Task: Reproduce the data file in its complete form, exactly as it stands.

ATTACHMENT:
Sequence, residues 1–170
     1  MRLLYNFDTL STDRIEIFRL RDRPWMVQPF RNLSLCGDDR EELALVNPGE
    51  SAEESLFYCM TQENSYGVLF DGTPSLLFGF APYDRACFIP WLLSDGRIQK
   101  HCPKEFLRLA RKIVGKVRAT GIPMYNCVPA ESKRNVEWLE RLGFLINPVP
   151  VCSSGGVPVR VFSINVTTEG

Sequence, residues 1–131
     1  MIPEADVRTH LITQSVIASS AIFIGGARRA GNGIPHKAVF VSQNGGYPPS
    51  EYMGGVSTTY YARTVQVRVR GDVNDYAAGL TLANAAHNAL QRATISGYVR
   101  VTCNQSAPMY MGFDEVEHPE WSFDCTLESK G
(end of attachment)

Sequence, residues 1–170
     1  MRLLYNFDTL STDRIEIFRL RDRPWMVQPF RNLSLCGDDR EELALVNPGE
    51  SAEESLFYCM TQENSYGVLF DGTPSLLFGF APYDRACFIP WLLSDGRIQK
   101  HCPKEFLRLA RKIVGKVRAT GIPMYNCVPA ESKRNVEWLE RLGFLINPVP
   151  VCSSGGVPVR VFSINVTTEG

Sequence, residues 1–131
     1  MIPEADVRTH LITQSVIASS AIFIGGARRA GNGIPHKAVF VSQNGGYPPS
    51  EYMGGVSTTY YARTVQVRVR GDVNDYAAGL TLANAAHNAL QRATISGYVR
   101  VTCNQSAPMY MGFDEVEHPE WSFDCTLESK G